The Federal Trade Commission's (FTC) Used Car Rule requires dealers to post a Buyers Guide in every used car they offer for sale. This includes light-duty vans, light-duty trucks, demonstrators, and program cars.
Demonstrators are new cars that have not been owned, leased, or used as rentals, but have been driven by dealer staff.
Program cars are low-mileage, current-model-year vehicles returned from short-term leases or rentals.
Buyers Guides do not have to be posted on motorcycles and most recreational vehicles. Anyone who sells less than six cars a year doesn't have to post a Buyers Guide.
The Buyers Guide must tell you:
When you buy a used car from a dealer, get the original Buyers Guide that was posted in the vehicle, or a copy. The Guide must reflect any negotiated changes in warranty coverage. It also becomes part of your sales contract and overrides any contrary provisions.
For example, if the Buyers Guide says the used car comes with a warranty and the contract says the car is sold "as is", the dealer must give you the warranty described in the Guide.
When the dealer offers a used car "as is," the box next to the "As Is - No Warranty" disclosure on the Buyers Guide must be checked. If the box is checked but the dealer promises to repair the vehicle or cancel the sale if you're not satisfied, make sure the promise is written on the Buyers Guide.
Otherwise, you may have a hard time getting the dealer to make good on his word. Some states, including Connecticut, Kansas, Maine, Maryland, Massachusetts, Minnesota, Mississippi, New Jersey, New York, Rhode Island, Vermont, West Virginia and the District of Columbia, don't allow "as is" sales for many used vehicles.
Three states - Louisiana, New Hampshire, and Washington - require different disclosures than those on the Buyers Guide. If the dealer fails to provide proper state disclosures, the used car sale is not "as is." To find out what disclosures are required for "as is" sales in your state, contact your state Attorney General.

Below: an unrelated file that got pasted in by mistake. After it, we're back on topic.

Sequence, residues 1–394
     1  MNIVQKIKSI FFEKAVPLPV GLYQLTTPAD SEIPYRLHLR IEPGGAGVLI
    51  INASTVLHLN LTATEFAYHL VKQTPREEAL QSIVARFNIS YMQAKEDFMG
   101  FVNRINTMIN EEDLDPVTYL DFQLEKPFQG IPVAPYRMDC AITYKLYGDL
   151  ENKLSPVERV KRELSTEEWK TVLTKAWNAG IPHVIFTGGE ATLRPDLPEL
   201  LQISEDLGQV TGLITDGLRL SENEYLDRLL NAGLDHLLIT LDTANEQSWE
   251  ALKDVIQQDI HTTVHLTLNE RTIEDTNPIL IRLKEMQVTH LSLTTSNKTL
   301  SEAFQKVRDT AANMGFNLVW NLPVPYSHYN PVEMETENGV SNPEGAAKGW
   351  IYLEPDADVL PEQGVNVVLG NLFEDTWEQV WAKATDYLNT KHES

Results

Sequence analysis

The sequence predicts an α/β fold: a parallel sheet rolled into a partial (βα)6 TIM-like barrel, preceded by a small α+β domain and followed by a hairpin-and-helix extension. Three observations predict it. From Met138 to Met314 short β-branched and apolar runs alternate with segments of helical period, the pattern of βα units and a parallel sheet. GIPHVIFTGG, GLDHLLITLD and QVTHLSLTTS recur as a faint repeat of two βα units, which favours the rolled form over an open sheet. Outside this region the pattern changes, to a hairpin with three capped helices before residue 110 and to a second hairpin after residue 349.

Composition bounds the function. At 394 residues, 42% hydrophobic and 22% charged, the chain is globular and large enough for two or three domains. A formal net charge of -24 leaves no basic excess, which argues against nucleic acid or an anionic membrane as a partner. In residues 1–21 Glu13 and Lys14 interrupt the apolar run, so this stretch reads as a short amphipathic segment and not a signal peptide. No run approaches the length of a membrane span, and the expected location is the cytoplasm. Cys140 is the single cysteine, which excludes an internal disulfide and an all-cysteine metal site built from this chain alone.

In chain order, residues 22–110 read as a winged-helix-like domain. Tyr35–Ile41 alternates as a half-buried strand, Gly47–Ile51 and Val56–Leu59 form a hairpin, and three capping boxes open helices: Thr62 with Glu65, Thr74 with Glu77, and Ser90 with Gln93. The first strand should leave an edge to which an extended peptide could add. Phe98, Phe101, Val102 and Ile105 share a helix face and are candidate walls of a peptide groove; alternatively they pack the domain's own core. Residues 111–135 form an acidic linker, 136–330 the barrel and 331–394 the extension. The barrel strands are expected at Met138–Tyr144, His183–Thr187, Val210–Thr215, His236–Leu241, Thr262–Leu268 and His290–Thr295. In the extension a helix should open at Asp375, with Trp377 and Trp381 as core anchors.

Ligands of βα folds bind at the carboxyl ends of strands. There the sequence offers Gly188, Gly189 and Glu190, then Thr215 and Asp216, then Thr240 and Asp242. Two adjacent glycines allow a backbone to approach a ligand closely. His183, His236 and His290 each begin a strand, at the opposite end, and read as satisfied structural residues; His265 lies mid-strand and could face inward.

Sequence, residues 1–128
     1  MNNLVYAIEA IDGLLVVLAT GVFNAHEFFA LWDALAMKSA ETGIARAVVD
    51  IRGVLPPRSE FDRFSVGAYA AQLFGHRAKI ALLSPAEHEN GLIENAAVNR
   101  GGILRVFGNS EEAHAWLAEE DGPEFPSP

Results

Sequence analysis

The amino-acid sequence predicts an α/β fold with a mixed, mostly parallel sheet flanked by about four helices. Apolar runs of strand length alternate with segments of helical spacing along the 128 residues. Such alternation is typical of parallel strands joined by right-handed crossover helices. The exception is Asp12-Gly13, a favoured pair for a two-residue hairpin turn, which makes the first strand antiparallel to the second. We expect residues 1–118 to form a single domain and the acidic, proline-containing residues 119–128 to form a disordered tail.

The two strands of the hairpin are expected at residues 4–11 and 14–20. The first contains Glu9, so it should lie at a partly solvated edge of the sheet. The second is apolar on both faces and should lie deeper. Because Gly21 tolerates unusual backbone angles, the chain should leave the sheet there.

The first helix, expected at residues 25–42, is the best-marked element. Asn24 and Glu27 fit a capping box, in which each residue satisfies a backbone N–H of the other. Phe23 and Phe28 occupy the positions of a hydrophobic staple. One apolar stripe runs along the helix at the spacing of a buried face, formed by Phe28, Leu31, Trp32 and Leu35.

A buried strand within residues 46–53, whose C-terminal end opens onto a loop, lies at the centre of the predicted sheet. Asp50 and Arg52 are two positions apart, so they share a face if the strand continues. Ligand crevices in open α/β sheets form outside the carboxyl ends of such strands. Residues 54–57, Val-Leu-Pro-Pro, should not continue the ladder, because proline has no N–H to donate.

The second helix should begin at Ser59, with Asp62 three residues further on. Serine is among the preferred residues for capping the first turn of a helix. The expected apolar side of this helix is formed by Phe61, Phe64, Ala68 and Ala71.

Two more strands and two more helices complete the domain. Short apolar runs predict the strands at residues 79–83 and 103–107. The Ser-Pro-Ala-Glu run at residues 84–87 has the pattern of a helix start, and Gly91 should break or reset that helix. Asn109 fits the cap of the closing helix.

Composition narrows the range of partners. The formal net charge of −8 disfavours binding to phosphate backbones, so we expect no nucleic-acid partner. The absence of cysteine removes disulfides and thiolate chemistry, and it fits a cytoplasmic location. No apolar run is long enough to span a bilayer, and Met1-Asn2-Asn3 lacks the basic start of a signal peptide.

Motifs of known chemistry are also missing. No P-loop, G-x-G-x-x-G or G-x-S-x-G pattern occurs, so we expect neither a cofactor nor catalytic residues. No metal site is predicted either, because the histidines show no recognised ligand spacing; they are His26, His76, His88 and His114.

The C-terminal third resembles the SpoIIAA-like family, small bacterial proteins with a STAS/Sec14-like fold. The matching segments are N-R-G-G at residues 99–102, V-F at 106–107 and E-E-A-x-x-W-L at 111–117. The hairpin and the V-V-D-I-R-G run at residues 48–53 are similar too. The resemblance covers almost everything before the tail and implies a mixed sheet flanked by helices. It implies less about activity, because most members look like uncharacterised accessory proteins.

State laws hold dealers responsible if cars they sell don't meet reasonable quality standards. These obligations are called implied warranties - unspoken, unwritten promises from the seller to the buyer. However, dealers in most states can use the words "as is" or "with all faults" in a written notice to buyers to eliminate implied warranties. There is no specified time period for implied warranties.
The most common type of implied warranty is the warranty of merchantability: The seller promises that the product offered for sale will do what it's supposed to. That a used car will run is an example of a warranty of merchantability. This promise applies to the basic functions of a used car. It does not cover everything that could go wrong.
Breakdowns and other problems after the sale don't prove the seller breached the warranty of merchantability. A breach occurs only if the buyer can prove that a defect existed at the time of sale.
A problem that occurs after the used car sale may be the result of a defect that existed at the time of sale or not. As a result, a dealer's liability is judged case-by-case.
What You Should Know About Buying a New Car.
If you are considering buying a new car, be sure to read our special report. It could literally save you hundreds of dollars!
What You Should Know About Buying a Used Car.
There are a lot of pitfalls to look out for when you are buying a used car. This special report will help you avoid many of those pitfalls.
What You Should Know About Auto Insurance.
Do you start yawning when someone tries to talk to you about auto insurance? Our special report will let you know what you need to know, in plain English.
What You Should Know About an Auto Loan.
Thinking about getting an auto loan? Read our special report before you do. It could save you some headaches - as well as some money!
Driving Related Articles
What You Should Know About Buying a New Car - Part I What You Should Know About Buying a New Car - Part II
What You Should Know About Buying a Used Car - Part I What You Should Know About Buying a Used Car - Part II
What You Should Know About Buying a Used Car - Part III What You Should Know About Buying a Used Car - Part IV
What You Should Know About Buying a Used Car - Part V What You Should Know About Auto Insurance - Part I
What You Should Know About Auto Insurance - Part II What You Should Know About an Auto Loan - Part I
What You Should Know About an Auto Loan - Part II What You Should Know About an Auto Loan - Part III
What You Should Know About an Auto Loan - Part IV Know Your Insurance Accident Process